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Artificial Intelligence & Recruitment

Artificial Intelligence & Recruitment

03 Feb 09:00 by Wan Pang

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Increasingly companies are turning to video interviewing technologies underpinned by AI, predictive algorithms and machine learning to pose pre-recorded interview questions to candidates, record and analyze their responses to identify the ‘best’ candidates.

Tell me some of the things that you are passionate about? and why do you feel you are a good fit for this position? are typical questions asked.

Responses are then recorded and analyzed by AI which scans for intonation and non-verbal characteristics against nearly 30,000 data points.

Your facial expressions, pauses, volume, speed of response and other markers are then collected and processed to formulate ‘highly accurate’ hiring decisions.

These types of AI assessment engines are designed and sold to businesses as ways of eliminating hiring bias associated with a more traditional human interviewer.

But Why?  It is said that at any given moment a human interviewer typically carries with them around 150 cognitive biases every single day.  What technology can do is to look at candidates objectively irrespective of gender, age, ethnicity, and other superficial things that 'can' naturally creep into human decision making.

Another consequence of a more objective AI assessment system is the ability to broaden the ‘criteria lens’ for talent more broadly which allows for more possibilities than would otherwise be picked up using more traditional methods – resulting in less great talent slipping through the net.

From the candidate's, perspective AI-powered video interviewing platforms provide flexibility to take your interview at any time or place and provides much faster outcomes which are often critical when exploring multiple opportunities or in instances where there is time pressure.  AI also provides candidates with a ‘fairer’ assessment as the removal of human bias essentially means a more level playing field.  Perhaps some of the only downsides or negatives are having to watch back your pre-recorded response (no one I know likes watching or listening to themselves speak) or not being able to inject humor or influence with a more personal side to yourself as is possible when interacting with a real person.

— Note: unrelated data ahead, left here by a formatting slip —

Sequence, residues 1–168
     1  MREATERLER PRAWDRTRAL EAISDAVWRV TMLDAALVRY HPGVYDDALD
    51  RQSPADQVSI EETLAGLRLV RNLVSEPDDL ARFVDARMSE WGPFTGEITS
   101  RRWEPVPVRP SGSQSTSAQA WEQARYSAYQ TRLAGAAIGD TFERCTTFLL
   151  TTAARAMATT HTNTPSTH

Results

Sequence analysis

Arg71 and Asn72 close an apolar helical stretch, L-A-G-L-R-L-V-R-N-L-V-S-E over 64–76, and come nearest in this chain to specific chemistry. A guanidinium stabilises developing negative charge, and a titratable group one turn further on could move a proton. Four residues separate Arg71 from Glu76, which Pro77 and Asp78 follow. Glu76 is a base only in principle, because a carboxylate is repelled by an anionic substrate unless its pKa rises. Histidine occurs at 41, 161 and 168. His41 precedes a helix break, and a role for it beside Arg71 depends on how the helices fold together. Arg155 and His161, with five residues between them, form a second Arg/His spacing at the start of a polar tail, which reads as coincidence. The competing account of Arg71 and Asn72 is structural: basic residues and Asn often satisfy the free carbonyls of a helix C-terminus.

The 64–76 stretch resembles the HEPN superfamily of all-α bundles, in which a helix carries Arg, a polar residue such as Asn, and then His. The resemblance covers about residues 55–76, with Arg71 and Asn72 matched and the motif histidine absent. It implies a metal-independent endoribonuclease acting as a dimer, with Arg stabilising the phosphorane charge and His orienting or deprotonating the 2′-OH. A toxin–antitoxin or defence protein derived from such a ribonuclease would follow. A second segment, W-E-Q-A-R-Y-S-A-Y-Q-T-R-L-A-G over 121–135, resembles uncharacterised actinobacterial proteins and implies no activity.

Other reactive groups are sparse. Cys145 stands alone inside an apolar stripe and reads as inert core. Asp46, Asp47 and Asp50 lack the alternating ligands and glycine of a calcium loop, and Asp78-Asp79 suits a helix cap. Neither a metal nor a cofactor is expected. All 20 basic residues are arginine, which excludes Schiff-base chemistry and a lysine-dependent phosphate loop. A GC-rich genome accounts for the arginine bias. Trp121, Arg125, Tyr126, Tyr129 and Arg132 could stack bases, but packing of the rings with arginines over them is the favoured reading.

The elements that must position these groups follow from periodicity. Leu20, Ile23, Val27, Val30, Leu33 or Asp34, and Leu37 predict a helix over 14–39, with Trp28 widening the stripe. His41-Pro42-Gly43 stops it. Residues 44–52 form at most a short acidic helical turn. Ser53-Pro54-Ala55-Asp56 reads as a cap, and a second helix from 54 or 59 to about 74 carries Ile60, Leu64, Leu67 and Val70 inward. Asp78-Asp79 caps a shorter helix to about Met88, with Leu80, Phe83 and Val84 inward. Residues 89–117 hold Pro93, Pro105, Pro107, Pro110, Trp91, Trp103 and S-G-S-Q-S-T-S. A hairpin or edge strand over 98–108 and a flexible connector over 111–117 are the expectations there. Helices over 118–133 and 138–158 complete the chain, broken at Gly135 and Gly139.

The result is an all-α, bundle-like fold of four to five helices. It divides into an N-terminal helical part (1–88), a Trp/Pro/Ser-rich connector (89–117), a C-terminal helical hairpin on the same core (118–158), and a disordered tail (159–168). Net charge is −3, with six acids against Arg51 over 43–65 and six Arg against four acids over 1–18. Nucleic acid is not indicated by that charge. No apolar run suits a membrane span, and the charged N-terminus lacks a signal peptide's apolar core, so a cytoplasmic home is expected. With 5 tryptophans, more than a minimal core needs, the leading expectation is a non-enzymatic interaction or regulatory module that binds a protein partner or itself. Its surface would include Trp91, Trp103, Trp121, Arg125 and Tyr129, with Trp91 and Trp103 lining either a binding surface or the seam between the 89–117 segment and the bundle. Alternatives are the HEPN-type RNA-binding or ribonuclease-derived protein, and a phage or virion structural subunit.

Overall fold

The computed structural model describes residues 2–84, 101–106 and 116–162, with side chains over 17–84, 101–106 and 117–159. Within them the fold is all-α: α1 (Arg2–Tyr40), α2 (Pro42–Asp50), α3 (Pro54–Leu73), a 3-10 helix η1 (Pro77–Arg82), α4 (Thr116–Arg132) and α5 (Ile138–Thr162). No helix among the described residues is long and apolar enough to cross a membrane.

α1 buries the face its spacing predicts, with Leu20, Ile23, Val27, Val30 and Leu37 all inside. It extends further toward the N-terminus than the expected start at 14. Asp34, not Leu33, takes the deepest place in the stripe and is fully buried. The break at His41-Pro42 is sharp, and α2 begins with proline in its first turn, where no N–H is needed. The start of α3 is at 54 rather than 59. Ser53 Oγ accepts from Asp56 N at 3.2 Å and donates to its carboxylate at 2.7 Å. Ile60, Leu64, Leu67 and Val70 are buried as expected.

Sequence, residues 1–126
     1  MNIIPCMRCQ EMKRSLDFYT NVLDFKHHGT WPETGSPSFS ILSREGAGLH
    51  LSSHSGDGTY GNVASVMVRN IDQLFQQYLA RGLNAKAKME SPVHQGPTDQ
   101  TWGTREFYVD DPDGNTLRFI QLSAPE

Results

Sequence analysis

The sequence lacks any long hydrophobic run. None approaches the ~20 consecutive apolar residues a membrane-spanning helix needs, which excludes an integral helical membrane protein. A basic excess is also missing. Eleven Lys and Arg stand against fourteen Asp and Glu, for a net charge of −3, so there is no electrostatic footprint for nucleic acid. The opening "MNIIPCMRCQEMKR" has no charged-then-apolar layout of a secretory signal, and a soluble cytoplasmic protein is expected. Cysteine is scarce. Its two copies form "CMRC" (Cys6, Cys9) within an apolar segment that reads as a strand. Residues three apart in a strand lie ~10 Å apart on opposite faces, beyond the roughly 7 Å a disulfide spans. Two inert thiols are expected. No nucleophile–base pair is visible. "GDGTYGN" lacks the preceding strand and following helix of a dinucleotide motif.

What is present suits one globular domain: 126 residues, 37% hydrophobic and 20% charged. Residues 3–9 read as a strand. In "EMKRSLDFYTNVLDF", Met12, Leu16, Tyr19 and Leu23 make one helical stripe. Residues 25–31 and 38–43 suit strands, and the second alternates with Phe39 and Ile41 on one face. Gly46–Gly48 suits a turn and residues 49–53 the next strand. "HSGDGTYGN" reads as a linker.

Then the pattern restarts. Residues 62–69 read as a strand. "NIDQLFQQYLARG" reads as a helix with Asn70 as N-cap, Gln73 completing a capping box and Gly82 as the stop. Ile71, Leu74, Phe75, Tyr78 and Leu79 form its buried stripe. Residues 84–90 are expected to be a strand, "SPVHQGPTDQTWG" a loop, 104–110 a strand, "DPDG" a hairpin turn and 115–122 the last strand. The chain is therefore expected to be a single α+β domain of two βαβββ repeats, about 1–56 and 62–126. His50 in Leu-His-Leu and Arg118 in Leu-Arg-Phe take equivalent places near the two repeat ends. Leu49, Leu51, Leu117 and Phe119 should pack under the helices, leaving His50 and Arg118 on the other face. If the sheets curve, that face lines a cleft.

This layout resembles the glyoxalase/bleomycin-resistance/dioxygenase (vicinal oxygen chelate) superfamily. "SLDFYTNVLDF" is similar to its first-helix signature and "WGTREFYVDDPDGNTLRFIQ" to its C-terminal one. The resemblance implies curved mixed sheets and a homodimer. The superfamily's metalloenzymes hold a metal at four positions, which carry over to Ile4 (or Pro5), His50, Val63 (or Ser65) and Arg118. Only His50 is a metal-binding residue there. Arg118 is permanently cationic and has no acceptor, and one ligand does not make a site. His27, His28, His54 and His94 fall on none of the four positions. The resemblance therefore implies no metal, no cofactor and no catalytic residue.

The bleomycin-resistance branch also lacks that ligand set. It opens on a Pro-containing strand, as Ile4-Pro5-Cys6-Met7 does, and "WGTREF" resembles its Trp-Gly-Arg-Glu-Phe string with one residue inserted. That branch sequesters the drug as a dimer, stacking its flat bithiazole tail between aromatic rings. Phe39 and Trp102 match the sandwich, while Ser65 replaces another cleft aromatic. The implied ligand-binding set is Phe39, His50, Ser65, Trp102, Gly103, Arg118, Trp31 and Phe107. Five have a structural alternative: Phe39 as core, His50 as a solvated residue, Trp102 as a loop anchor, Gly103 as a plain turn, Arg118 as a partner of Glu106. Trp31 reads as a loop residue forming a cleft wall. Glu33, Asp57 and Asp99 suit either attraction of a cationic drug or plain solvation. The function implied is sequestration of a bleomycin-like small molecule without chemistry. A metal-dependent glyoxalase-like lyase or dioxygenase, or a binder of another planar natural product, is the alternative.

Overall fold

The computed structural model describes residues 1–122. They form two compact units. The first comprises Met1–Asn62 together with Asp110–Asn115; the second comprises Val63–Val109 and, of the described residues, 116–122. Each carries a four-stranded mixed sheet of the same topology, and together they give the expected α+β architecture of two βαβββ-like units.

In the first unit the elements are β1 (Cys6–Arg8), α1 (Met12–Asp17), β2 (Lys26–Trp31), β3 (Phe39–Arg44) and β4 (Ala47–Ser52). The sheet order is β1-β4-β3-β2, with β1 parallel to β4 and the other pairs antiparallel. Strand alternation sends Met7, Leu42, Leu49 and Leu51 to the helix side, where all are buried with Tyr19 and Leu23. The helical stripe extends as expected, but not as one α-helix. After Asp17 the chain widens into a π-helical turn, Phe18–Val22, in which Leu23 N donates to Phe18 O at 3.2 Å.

The reality is that  AI recruiting is not going away anytime soon and is only gathering pace especially in a world where there are plenty of opportunities and candidates resulting in hiring managers becoming increasingly overwhelmed.  The real question and one that is yet to find a solution in technology is that there is still no scientific way to accurately predict or ensure guaranteed outcomes resulting from any form of assessment – human or machine. 

Should recruiters be worried that their invaluable and indispensable role in the hiring process is overtaken and replaced by AI and machine learning tools? I would argue that skilled recruiters still have their place and important contributions to make  – the real question is for how long? and in what form?.  Only time can determine just how much technology can and will impact recruitment but there is no denying that the tech revolution marches on regardless and that the recruitment industry needs to continue the good work, and find ways to embrace technology responsibly and effectively.